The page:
2017 was the year of unexpected late-20s middle-infield breakouts, as the fantasy leaderboards at both second base and shortstop were populated by a number of players nearing 30 who went undrafted in the vast majority of leagues. Now that we have some draft data thanks to the National Fantasy Baseball Championship (NFBC), I figured it might be interesting to see which of these options fantasy owners are buying into going forward.
The players in question today include second basemen Whit Merrifield and Scooter Gennett. Let’s start with a quick look at where these guys finished 2017, and where they’re being drafted heading into 2018.
|2017 Overall Rank||2018 Overall ADP||2017 2B Rank||2018 2B ADP|
The first thing I noticed is that not many fantasy owners expect either player to replicate their 2017 seasons, which is good! It’s unlikely that either of these guys are as good as they displayed last season, so this is a fine start. These seem like reasonable expectations on the surface.
With any offseason fantasy baseball article, I think the most important thing to figure out is where the bargains are. Asking the question, “Who are fantasy owners over and underpaying for,” helps us set our own personal targets for draft day. Keeping this in mind, I think it’s pretty obvious where the value is here. Let’s see if you agree.
No one’s going to forget Gennett’s four-homer game from June, but it may be a bit easier to overlook the fact that he hit 27 total bombs last year. At least, I’m assuming that’s going overlooked, because even though he’s still only 27 years old, he’s currently being drafted in the early 17th round in standard leagues. I’ll be the first to admit that I don’t see Scooter matching the numbers he put up last year, but at this price he should be a tremendous bargain regardless.
While Gennett did seemingly come out of nowhere in 2017, the trends that led to his success started showing up the year before:
Is his 20.8% HR/FB ratio from last year unsustainable? Sure, but on the other hand, when you start consistently pulling hard-hit balls in the air, it’s no surprise that you’d see a dramatic increase in power production. Along those same lines, is he going to hit for a .295 AVG again this year? Probably not, but then again, his .339 BABIP in 2017 was only a little bit higher than his career .327 BABIP.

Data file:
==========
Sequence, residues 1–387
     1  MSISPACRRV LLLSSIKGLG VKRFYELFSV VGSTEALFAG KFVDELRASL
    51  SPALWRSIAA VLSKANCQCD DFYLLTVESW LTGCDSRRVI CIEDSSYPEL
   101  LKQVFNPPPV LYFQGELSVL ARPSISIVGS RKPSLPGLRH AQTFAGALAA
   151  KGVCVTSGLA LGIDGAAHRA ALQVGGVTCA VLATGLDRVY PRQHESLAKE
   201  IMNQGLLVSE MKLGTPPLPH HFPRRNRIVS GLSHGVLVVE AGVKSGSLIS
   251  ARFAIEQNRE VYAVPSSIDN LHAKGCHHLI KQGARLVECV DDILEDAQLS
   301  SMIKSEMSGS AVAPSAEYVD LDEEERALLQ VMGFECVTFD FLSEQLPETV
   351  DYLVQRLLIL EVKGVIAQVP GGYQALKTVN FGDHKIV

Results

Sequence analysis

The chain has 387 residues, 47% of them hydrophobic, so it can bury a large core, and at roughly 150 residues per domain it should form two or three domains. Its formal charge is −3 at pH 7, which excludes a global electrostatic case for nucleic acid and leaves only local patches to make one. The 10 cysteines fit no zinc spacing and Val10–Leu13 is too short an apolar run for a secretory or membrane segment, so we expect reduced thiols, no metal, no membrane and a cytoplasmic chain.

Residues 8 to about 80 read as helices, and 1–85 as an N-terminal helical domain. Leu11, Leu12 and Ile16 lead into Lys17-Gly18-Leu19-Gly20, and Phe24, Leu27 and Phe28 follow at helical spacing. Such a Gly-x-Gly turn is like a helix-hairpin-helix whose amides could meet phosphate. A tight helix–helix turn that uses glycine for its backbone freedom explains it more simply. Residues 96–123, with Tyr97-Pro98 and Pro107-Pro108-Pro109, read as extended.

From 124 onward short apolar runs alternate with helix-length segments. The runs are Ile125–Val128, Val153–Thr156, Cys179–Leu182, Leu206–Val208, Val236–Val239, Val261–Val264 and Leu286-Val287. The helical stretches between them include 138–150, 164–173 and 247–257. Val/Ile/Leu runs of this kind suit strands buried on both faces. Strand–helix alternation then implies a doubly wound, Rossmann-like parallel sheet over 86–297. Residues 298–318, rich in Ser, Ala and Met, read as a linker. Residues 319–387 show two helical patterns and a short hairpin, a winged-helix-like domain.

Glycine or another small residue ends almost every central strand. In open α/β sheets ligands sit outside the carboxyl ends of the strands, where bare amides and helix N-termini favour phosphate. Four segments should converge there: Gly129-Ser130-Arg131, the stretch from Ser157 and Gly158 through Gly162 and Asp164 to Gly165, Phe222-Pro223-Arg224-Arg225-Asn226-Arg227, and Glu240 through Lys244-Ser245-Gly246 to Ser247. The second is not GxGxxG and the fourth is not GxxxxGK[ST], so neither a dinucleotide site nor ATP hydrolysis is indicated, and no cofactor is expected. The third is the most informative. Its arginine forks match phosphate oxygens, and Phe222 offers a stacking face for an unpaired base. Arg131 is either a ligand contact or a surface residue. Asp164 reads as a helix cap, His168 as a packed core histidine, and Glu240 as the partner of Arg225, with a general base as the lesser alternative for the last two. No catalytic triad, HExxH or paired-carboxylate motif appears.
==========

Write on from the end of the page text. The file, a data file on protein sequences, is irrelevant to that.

Gennett didn’t even earn a full-time job until early June last year, whereas in 2018 he’ll likely be hitting in the middle of Cincy’s solid lineup all year long. Even if he falls on his face this year and reverts right back to where he was in 2015, he’s barely being drafted in the top 200 players. The risk couldn’t be much lower, and the potential reward is very attractive.
As for Merrifield, the 29-year-old flashed a great power/speed combo last year, launching 19 bombs and swiping 34 bags while hitting for a .288 AVG. Furthermore, this year he’ll likely spend the whole year as KC’s leadoff man, after toiling away in the bottom third of the lineup for the first couple months of 2017. What’s not to like about that?
First off, I’ll be absolutely shocked if he hits 19 homers again. Heading into 2017, Merrifield had never hit more than 10 homers in any single season, at any level. While he did hit far more fly balls last year (0.93 GB/FB) than he did in 2016 (1.50 GB/FB), his 2017 batted-ball data looks an awful lot like what he did in 2014/2015 in the minors, when he hit just 13 total homers in 1,129 combined PA.
Next, the Royals are a much worse offense this year than last, even though they were a bottom-10 offense in most meaningful categories last year to begin with. Last season, this team was No. 23 in OPS, No. 24 in runs, No. 28 in OBP — and that was with the likes of Eric Hosmer, Mike Moustakas and Lorenzo Cain, who are all (probably) gone for 2018.
This year, Merrifield will need guys like Jorge Bonifacio and Brandon Moss to drive him in, and if he wants any RBI of his own, he’ll need the likes of Paulo Orlando and Raul Mondesi to get on base at the bottom of the lineup. Finally, Merrifield refuses to take a walk, with a paltry 4.6% BB rate that was the 10th-worst rate among all qualified hitters in 2017, so he’s not on base enough to score many runs in the first place, regardless of who’s batting behind him.
Does this sound like a mid-6th round pick? To me, that’s not just a “no,” it’s an emphatic “hell no!”
In a vacuum, I would rather own Merrifield than Gennett. Based on their ADPs, I assume pretty much everyone agrees with that. However, Gennett in the 17th round is much more appealing to me than burning a 6th rounder on Merrifield. Merrifield may be the more valuable fantasy commodity, but he’s certainly not good enough to warrant the 123-player spread between his current ADP and Gennett’s.
Scott Strandberg started writing for Rotographs in 2013. He works in small business consultation, and he also writes A&E columns for The Norman Transcript newspaper. Scott lives in Seattle, WA.